Another assignment of error was that the trial court erred in failing to discharge the jury and declare a mistrial on three separate occasions for inflammatory and prejudicial remarks by the prosecuting attorney in his final argument. There were in fact only two such requests made. The first occurred when the prosecuting attorney said that the prosecutrix was the mother of two children, one of which was in Korea, and that this son had been repaid by the rape of his mother and by her having been given gonorrhea. That the prosecutrix had a son in Korea and that she had been "given a case of gonorrhea" was known to the jury. Evidence to this effect had been admitted without objection. The trial judge overruled the request for a mistrial and immediately stated to the jury that the fact that the prosecutrix had a son in Korea had nothing to do with the issues in the case. The next request for a mistrial occurred when the prosecuting *195 attorney said, "in view of the beating of this woman, in view of the fact there were three colored men, three of them * * *." At this point the defense counsel interrupted and stated: "I object to the reference of colored men and a white woman. He is only saying it to be prejudicial." In the previous argument no reference had been made to the fact that the prosecutrix was a white woman. The prosecutrix and the appellant were in the court room in the presence of the jury and the record is replete with evidence that appellant and his two companions were colored. The jury was not told anything they did not already know from the evidence properly admitted. The reference to the appellant was not made in derogatory terms. The trial court immediately told the jury that race did not have anything to do with the case and overruled the request for a mistrial.
The remarks of the prosecuting attorney in each instance were ill advised, but in each case the trial court immediately made statements to the jury designed to remove any prejudicial or inflammatory effect. The mere fact that the prosecuting attorney made some statement that called for an admonition from the trial court that the substance of the statement had no bearing on the issues in the case does not of itself justify the declaration of a mistrial. Whether or not a mistrial in a criminal prosecution should be granted because of the argument of the prosecutor is a matter in which the trial court has considerable discretion. State v. Eison, supra ; State v. Shilkett, 356 Mo. 1081, 204 S.W.2d 920 ; State v. Wynne, 353 Mo. 276, 182 S.W.2d 294 ; State v. Lakin, Mo.Sup., 177 S.W.2d 500 ; State v. Demaggio, Mo.Sup., 152 S.W.2d 71 . It is within the discretion of the trial court whether a mistrial should be declared for alleged prejudicial remarks which tend to inflame the minds of the jurors. State v. Frazer, 363 Mo. 77, 248 S.W.2d 645 . The trial judge may properly refuse to grant a request for a mistrial when he is satisfied that no injustice has resulted, or will result, from the occurrences complained of. The trial court had the opportunity to judge the effect of the remarks on the jury, and he exercised his right to take such steps as he believed necessary or advisable under the circumstances. In view of the statements themselves and the action taken by the trial court, we cannot say that the trial court abused its discretion in either instance in not declaring a mistrial.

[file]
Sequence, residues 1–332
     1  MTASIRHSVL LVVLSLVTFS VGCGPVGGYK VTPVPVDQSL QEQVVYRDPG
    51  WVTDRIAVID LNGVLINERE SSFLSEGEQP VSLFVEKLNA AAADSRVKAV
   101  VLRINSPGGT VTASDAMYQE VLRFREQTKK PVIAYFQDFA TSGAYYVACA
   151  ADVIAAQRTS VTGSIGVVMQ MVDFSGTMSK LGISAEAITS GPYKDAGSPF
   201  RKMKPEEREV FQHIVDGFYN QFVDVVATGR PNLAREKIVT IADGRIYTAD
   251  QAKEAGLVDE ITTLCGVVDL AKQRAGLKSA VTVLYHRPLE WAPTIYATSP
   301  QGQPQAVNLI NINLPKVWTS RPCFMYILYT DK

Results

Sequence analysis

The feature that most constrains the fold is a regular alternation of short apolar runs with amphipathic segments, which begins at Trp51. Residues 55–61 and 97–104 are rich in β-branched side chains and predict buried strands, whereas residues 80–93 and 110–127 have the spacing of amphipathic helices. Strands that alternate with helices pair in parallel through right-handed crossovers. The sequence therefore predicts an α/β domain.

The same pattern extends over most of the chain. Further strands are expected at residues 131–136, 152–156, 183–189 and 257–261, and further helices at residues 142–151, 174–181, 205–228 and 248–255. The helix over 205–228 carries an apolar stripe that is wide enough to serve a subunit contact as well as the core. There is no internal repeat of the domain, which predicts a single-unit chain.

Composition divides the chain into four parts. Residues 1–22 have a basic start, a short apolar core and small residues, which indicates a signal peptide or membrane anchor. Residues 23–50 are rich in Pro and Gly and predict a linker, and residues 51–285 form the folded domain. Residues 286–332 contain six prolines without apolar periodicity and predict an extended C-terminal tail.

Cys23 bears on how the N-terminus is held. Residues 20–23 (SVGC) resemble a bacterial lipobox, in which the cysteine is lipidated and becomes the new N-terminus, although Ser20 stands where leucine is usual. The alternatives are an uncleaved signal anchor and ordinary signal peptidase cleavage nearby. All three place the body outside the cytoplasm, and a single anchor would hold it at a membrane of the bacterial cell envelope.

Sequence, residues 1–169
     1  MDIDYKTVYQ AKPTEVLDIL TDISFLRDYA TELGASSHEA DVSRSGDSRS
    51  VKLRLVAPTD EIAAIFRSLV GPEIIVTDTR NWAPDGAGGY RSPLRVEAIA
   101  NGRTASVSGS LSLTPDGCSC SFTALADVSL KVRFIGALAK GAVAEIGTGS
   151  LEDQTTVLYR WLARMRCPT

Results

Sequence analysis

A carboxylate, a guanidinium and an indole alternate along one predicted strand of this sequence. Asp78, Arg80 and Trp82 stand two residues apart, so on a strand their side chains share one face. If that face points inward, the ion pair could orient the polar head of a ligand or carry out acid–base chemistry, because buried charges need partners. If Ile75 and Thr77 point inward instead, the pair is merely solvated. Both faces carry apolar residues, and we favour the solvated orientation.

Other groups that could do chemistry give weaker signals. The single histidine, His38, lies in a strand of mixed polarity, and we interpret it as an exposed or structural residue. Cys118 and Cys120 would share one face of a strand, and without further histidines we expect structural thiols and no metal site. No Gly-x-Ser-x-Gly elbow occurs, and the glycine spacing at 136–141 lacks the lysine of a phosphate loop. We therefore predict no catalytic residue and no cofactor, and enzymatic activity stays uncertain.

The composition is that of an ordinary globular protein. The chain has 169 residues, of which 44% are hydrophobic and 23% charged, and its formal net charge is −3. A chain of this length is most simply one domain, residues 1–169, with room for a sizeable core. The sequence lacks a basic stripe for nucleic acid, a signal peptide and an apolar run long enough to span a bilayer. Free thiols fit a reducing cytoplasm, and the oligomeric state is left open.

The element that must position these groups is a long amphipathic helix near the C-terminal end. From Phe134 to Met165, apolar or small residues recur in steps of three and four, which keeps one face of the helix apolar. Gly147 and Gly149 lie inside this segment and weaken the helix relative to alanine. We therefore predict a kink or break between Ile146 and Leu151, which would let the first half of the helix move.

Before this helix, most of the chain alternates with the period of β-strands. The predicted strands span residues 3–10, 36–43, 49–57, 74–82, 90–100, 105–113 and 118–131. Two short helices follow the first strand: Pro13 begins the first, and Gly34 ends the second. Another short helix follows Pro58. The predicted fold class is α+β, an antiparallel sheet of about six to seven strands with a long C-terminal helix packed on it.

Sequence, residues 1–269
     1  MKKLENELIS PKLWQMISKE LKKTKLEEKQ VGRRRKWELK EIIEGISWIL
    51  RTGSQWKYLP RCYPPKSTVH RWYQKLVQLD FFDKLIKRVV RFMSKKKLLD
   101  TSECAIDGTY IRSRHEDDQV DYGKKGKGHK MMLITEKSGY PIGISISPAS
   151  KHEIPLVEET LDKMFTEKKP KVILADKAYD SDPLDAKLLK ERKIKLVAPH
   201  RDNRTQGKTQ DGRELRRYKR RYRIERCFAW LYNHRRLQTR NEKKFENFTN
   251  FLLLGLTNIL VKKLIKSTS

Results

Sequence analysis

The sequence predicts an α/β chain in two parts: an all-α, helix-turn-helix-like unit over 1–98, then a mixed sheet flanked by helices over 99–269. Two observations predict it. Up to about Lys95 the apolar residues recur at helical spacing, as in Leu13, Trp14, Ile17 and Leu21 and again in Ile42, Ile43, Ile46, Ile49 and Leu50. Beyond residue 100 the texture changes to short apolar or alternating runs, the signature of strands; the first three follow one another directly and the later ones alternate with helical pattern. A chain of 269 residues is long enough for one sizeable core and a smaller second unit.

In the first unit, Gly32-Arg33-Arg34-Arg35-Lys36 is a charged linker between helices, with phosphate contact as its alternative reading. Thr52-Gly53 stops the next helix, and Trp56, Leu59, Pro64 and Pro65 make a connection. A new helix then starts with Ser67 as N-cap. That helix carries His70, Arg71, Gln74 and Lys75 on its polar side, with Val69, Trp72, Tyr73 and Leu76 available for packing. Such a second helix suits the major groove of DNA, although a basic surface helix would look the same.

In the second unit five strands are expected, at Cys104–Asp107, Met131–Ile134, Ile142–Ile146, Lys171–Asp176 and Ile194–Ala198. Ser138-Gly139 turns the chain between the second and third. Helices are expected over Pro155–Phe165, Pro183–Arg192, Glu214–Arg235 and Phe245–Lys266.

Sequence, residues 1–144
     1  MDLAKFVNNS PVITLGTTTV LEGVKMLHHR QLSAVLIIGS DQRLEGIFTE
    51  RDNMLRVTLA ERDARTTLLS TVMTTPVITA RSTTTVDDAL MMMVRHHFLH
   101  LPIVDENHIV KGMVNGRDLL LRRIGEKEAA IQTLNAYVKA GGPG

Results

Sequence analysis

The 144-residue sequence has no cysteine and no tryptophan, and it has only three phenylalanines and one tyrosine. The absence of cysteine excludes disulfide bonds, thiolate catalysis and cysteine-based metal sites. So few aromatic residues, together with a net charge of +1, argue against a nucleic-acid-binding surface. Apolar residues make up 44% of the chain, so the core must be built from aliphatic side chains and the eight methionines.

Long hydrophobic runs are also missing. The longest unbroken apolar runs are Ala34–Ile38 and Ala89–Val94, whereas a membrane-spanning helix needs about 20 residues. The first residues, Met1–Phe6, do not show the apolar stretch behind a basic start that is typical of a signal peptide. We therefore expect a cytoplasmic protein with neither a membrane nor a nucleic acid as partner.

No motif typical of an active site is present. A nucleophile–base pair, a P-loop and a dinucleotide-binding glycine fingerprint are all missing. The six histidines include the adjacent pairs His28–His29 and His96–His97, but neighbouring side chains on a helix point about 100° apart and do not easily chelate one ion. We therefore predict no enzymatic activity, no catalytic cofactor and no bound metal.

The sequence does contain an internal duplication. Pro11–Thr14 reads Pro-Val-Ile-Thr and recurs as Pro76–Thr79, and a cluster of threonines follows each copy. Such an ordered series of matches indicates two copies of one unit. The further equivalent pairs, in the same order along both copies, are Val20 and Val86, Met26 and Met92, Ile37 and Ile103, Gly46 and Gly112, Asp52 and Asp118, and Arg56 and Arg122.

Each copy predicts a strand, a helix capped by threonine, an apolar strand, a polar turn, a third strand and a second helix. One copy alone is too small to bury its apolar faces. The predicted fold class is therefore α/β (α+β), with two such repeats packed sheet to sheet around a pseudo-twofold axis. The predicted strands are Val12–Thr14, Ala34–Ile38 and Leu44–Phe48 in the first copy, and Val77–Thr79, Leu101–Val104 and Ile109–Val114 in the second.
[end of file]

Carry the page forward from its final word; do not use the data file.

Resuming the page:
The remaining assignment of error was that the verdict is excessive. The jury assessed the punishment at thirty-five years imprisonment but the trial court reduced this sentence to twenty-five years. The authorized punishment for the crime of rape is death or imprisonment in the penitentiary for not less than two years. Section 559.260 RSMo 1949, V.A.M.S. The punishment assessed by the jury, in and of itself, does not demonstrate passion and prejudice. The thirty-five year term assessed by the jury was well within the limits of punishment provided by the Legislature for rape. It was the jury's function primarily to assess the punishment within the statutory limits, subject to the trial court's discretionary power to reduce the punishment so assessed. State v. McHarness, supra . In the light of the evidence herein reviewed, we cannot say that the jury demonstrated passion or prejudice against the appellant in assessing the punishment it did, nor can we say that the trial court abused its discretion in failing to reduce the punishment to a shorter term.
We have also reviewed those record matters which we review irrespective of a motion for new trial and no error prejudicial to the appellant is found. The information properly charged the offense of rape. No arraignment or plea are shown in the record, but appellant was tried as if he had been arraigned and had entered a plea of not guilty. The failure of the record to show arraignment and the entry of a plea is not reversible error. Supreme Court Rule No. 25.04.
Appellant was present throughout the trial. The verdict was in proper form and was responsive to the information. Allocution was accorded appellant and the judgment *196 and sentence conformed to the requirements of law.
The judgment is affirmed and it is directed that the sentence pronounced be executed.
BOHLING and BARRETT, CC., concur.
The foregoing opinion by STOCKARD, C., is adopted as the opinion of the Court.
ELLISON, P. J., LEEDY, J., and BROADDUS, Special Judge, concur.